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It is now official for GOP front-runner, Donald Trump, after the critical New York Primaries today…the next stop is here to Indianapolis. Voters are heading to the polls in New York today and there are 291 delegates up for grabs for the Democrats and 95 available for Republicans. It’s almost impossible to overstate how important the outcome of the Empire State is to Democrats Hillary Clinton and Bernie Sanders. The cache of delegates are divided proportionally so the margin of victory really matters. On the other side of the aisle, Republicans are attempting to win haul as well. Clinton and Trump are favored to win the state, each one calls home. When it’s all over there, we know now that Trump will speak here in Indy at the Indiana State Fairgrounds tomorrow afternoon. This has now been confirmed by his campaign. The event will be held at the Elements Financial Blue Ribbon Pavilion at 3 p.m. Doors open at noon. Access free tickets to the event on his campaign web, HERE.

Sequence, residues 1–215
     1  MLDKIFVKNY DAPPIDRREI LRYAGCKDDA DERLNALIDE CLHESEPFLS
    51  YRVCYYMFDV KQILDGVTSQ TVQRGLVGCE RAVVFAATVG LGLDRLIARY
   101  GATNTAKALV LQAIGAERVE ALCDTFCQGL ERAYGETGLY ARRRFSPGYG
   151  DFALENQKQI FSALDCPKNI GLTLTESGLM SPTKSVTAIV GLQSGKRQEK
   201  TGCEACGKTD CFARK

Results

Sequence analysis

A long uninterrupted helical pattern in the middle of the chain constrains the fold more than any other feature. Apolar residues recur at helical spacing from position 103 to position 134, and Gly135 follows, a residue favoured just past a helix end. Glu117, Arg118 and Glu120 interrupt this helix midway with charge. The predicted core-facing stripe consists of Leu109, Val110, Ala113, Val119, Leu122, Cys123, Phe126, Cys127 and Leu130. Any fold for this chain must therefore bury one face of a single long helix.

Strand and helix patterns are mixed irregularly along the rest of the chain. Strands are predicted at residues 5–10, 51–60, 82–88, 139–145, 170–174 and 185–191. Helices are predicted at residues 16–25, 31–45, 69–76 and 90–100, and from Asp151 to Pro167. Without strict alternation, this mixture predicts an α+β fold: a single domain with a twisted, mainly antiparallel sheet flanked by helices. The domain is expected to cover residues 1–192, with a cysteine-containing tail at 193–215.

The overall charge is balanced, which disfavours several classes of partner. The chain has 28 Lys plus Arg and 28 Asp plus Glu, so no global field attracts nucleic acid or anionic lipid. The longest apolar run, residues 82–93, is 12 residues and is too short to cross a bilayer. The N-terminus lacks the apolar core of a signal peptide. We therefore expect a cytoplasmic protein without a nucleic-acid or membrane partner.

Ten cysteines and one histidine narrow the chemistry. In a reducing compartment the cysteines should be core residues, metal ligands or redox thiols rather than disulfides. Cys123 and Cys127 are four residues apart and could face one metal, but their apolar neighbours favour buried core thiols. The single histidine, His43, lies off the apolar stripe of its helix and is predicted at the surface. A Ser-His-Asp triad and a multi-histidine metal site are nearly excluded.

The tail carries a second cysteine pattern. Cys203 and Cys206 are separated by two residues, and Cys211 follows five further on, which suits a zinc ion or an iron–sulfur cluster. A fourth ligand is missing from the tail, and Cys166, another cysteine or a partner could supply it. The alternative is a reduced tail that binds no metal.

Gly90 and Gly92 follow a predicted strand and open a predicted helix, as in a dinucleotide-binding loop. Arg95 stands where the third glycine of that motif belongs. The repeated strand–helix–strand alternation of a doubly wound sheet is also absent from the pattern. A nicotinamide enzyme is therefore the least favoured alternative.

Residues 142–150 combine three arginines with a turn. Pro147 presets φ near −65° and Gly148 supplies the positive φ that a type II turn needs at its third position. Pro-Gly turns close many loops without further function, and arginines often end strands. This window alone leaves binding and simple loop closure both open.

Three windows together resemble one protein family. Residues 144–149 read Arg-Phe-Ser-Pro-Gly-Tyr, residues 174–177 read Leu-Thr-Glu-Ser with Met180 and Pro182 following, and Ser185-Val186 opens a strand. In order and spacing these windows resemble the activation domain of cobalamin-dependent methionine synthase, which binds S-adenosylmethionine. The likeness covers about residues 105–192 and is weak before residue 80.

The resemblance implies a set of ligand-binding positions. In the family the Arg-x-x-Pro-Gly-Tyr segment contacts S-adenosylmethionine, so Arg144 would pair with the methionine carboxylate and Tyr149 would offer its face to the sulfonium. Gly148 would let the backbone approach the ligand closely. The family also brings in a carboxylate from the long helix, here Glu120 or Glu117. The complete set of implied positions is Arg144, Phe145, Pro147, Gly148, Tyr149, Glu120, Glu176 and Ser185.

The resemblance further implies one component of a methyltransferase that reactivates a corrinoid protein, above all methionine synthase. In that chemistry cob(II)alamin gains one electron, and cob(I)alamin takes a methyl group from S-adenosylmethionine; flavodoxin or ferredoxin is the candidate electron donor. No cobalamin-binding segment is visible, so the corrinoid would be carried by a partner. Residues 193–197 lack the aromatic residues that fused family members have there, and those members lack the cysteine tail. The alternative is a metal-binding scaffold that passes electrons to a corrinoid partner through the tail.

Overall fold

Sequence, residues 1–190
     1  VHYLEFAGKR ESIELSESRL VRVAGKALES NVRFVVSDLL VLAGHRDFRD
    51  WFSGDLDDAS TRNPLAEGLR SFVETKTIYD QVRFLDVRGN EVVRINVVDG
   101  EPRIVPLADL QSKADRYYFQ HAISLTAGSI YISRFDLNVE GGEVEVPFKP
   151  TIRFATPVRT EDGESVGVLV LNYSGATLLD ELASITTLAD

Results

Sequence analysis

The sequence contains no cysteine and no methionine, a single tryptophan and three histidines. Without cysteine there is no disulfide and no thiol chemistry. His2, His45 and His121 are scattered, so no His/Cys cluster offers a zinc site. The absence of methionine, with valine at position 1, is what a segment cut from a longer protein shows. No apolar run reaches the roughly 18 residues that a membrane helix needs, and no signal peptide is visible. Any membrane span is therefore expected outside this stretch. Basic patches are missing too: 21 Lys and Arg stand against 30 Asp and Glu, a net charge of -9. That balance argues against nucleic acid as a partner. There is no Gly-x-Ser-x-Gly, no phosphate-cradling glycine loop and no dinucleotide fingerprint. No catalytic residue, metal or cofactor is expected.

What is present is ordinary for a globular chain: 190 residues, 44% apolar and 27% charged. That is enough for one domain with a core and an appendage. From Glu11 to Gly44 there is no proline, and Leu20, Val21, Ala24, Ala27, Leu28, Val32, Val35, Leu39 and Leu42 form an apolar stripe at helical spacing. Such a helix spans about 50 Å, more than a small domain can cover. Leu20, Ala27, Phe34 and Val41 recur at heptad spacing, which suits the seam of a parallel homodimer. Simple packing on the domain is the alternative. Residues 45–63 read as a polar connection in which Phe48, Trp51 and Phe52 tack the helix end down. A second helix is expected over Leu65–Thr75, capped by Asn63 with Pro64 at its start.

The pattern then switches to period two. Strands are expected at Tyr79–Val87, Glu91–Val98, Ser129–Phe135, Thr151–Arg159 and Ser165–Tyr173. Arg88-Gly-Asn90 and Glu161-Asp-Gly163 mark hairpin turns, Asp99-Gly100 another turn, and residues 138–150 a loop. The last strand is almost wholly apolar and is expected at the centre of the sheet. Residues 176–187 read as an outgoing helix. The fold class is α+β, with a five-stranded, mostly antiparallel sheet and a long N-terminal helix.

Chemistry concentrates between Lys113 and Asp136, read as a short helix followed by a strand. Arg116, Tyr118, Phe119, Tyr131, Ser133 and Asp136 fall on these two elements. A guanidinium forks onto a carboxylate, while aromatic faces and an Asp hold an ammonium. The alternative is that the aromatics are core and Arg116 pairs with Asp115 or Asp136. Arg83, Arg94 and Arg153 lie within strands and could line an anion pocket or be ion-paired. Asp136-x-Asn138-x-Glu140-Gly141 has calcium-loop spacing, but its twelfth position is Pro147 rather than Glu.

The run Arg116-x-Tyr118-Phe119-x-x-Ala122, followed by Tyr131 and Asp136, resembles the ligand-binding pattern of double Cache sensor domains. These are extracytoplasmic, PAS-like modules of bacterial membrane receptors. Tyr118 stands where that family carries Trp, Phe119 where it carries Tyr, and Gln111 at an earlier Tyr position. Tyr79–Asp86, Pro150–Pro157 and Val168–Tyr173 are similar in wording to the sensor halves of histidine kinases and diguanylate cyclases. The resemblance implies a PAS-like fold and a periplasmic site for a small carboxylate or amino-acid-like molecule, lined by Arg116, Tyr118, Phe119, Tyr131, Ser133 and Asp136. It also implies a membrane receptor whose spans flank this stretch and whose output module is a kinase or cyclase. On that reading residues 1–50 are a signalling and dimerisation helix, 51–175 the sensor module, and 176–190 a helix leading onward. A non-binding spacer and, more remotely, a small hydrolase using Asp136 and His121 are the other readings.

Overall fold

Faith leaders from across the city are making recommendations on how to improve the Indianapolis Metropolitan Police Department’s community relations. Implicit bias training, body cameras for all patrol officers and a new policy for the release of video footage are specifically among their suggestions. IMPD Captain Rick Riddle told The Indianapolis Star the department already addresses some of their issues, but other implementations are bound by policies of another agency, such as the Marion County Prosecutor’s office.